Jack Gerard, president and CEO of the American Petroleum Institute, called on the new leadership in Washington to release strains of what the energy industry's lobby group sees as burdensome regulations. File Photo by Kevin Dietsch/UPI | License Photo
WASHINGTON, Jan. 5 (UPI) -- The leading oil and gas lobbying group in the United States called on leaders in Washington to release the reins of regulation for the sake of the nation.
"It is our view that regulations that do not align with those basic and commonsense goals should be reexamined, revised or removed to make way for smarter and forward-looking energy policies," Jack Gerard, the president and CEO at the American Petroleum Institute, said in an annual address in Washington.
The incoming administration of Donald Trump has vowed to make it so the United States is no longer dependent on other countries for its natural resources. Trump, in a statement outlining his energy policies, envisions a United States that's a net energy exporter by encouraging more onshore and offshore energy production.
The API, which lobbies on behalf of the oil and gas industry, said Trump's administration could unravel regulatory burdens standing in the way of a more robust U.S. energy sector. By Gerard's estimate, more than 140 regulations or executive actions were enacted under President Barack Obama that work against, not for, the industry's objectives.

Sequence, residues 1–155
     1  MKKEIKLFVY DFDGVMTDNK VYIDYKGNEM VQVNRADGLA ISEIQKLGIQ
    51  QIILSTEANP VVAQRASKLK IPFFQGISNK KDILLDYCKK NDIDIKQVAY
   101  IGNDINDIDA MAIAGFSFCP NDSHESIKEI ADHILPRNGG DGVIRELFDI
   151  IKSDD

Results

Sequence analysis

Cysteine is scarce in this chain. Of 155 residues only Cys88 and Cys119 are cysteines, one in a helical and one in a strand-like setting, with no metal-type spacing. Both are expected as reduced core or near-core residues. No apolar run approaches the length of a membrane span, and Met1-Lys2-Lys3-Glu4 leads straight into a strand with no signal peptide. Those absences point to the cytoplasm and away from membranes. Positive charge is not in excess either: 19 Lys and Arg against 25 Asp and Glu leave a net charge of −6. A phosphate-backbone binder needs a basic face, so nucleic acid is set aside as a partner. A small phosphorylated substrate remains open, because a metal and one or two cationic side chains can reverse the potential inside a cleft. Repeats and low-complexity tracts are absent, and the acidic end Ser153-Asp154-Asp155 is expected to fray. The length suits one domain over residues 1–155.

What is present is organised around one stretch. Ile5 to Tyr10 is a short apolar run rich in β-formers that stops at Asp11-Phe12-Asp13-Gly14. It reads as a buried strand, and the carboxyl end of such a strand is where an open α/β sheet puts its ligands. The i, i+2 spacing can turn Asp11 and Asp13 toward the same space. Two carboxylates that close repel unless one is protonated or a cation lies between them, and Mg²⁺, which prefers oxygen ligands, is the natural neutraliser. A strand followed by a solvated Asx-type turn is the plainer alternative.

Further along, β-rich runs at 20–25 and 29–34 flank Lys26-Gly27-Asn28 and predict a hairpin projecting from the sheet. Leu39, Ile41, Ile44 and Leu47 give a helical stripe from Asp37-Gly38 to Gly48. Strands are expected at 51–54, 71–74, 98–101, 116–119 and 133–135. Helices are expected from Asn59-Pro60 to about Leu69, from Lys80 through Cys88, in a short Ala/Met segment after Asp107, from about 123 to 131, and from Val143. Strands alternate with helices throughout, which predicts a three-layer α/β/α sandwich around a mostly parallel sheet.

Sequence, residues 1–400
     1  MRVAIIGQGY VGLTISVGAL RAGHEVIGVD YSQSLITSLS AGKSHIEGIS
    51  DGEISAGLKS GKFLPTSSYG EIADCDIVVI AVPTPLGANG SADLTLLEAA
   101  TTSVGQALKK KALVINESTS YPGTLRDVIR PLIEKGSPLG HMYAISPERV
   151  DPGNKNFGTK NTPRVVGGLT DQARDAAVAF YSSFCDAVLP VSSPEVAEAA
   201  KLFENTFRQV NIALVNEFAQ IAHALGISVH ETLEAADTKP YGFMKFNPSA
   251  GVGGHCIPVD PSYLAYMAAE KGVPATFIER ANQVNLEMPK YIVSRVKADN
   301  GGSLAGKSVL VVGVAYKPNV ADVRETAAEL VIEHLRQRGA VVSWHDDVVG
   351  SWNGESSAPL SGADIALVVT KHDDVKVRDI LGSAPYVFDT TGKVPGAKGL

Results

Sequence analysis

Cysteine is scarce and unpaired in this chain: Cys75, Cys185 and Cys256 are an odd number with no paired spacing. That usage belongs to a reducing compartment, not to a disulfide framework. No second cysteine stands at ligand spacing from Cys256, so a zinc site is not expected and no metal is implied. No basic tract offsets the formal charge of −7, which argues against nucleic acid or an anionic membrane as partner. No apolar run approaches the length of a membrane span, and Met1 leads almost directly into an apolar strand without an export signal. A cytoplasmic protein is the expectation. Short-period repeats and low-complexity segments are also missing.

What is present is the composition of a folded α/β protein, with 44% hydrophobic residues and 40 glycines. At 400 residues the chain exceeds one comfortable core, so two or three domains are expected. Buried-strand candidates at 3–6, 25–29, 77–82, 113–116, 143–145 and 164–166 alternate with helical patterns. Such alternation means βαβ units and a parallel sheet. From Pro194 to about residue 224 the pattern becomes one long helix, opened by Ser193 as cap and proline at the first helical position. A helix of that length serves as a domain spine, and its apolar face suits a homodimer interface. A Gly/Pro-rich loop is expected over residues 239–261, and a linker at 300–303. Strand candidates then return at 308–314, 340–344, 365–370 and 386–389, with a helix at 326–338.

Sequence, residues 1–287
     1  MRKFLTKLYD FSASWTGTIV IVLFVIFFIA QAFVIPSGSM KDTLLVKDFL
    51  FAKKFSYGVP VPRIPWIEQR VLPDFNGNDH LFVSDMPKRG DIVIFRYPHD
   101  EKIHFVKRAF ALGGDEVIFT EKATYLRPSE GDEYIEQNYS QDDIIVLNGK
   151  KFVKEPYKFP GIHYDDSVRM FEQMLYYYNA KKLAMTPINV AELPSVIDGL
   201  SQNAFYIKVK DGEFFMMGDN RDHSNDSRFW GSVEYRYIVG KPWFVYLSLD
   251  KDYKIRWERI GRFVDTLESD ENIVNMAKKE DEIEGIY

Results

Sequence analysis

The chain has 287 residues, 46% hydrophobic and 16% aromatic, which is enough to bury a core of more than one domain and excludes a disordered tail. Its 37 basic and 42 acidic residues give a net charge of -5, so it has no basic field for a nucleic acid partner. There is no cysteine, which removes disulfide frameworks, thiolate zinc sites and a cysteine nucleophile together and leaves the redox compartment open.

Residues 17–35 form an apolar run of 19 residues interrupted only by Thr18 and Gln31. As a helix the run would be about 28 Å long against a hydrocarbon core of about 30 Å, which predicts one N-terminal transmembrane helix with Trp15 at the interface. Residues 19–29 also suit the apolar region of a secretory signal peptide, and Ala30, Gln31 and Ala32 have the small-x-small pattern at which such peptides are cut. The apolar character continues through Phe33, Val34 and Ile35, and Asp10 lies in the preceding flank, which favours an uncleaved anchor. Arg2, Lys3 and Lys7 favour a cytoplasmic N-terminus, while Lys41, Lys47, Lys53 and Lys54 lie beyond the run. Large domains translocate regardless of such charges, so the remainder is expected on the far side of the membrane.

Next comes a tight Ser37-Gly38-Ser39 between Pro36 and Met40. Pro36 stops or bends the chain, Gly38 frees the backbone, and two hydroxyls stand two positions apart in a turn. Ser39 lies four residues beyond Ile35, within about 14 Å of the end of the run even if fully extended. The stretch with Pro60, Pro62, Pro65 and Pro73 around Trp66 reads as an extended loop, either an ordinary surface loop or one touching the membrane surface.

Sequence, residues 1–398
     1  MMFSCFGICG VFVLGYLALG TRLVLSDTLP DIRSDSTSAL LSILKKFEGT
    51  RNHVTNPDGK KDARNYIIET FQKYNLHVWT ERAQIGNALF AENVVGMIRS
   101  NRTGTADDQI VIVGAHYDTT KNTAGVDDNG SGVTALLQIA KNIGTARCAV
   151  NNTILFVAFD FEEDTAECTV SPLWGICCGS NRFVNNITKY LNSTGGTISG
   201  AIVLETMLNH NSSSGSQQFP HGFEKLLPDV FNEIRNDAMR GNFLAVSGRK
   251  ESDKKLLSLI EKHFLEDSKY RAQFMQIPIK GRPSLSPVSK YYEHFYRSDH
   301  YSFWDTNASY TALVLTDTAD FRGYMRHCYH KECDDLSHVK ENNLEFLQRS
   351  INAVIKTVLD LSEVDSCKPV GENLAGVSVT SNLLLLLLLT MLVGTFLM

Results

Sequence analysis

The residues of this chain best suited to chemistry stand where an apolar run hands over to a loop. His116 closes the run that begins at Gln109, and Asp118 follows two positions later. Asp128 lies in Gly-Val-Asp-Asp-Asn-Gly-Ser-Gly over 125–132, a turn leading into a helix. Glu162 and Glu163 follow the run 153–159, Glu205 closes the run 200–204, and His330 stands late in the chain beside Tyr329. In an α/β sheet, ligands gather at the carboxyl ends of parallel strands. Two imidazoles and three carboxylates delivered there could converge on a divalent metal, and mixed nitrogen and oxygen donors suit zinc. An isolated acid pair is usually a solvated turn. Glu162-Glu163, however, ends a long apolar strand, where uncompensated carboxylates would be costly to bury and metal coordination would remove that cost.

Total U.S. oil production when Obama entered office in 2009 was 5.3 million barrels per day. The U.S. Energy Information Administration estimates a 2016 average of 8.9 million bpd, a 66 percent increase.
Naomi Ages, a climate attorney for the U.S. branch of Greenpeace, said in a statement sent to UPI that Trump would likely stack his Cabinet with industry leaders from the private and energy sectors to help push policy in favor of the oil and gas business. Rex Tillerson, a former CEO at Exxon Mobil and nominated secretary of state, has a record of close cooperation with the API.
Gerard estimates about 90 percent of U.S. territorial waters are off limits to oil and natural gas companies. If uncorked, he said it grow the economy by about $70 billion per year.
"Just imagine what the industry could do to further benefit consumers, the economy and the environment if more of that energy were available for responsible and safe domestic production," he said in a statement.
In late December, the Obama administration joined the Canadian government in banning oil and gas work in Arctic and Atlantic waters. A report from the U.S. Energy Information Administration finds the Arctic basins alone hold about 22 percent of the world's undiscovered conventional oil and natural gas resources.